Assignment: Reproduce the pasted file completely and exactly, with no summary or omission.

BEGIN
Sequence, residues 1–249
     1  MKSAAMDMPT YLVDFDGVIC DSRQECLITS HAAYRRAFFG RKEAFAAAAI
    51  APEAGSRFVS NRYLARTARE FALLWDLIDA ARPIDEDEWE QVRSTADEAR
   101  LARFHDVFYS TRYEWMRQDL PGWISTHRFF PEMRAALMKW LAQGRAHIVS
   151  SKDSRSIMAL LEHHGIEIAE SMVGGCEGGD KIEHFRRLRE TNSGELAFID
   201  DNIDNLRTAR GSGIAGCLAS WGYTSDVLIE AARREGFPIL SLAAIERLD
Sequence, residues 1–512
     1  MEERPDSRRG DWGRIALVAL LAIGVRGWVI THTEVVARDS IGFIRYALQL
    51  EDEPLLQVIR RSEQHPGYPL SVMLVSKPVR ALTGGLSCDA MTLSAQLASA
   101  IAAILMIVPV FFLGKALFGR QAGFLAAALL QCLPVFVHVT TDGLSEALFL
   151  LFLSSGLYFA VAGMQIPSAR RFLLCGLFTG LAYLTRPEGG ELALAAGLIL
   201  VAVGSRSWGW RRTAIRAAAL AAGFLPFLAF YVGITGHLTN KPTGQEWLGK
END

Sequence, residues 1–249
     1  MKSAAMDMPT YLVDFDGVIC DSRQECLITS HAAYRRAFFG RKEAFAAAAI
    51  APEAGSRFVS NRYLARTARE FALLWDLIDA ARPIDEDEWE QVRSTADEAR
   101  LARFHDVFYS TRYEWMRQDL PGWISTHRFF PEMRAALMKW LAQGRAHIVS
   151  SKDSRSIMAL LEHHGIEIAE SMVGGCEGGD KIEHFRRLRE TNSGELAFID
   201  DNIDNLRTAR GSGIAGCLAS WGYTSDVLIE AARREGFPIL SLAAIERLD
Sequence, residues 1–512
     1  MEERPDSRRG DWGRIALVAL LAIGVRGWVI THTEVVARDS IGFIRYALQL
    51  EDEPLLQVIR RSEQHPGYPL SVMLVSKPVR ALTGGLSCDA MTLSAQLASA
   101  IAAILMIVPV FFLGKALFGR QAGFLAAALL QCLPVFVHVT TDGLSEALFL
   151  LFLSSGLYFA VAGMQIPSAR RFLLCGLFTG LAYLTRPEGG ELALAAGLIL
   201  VAVGSRSWGW RRTAIRAAAL AAGFLPFLAF YVGITGHLTN KPTGQEWLGK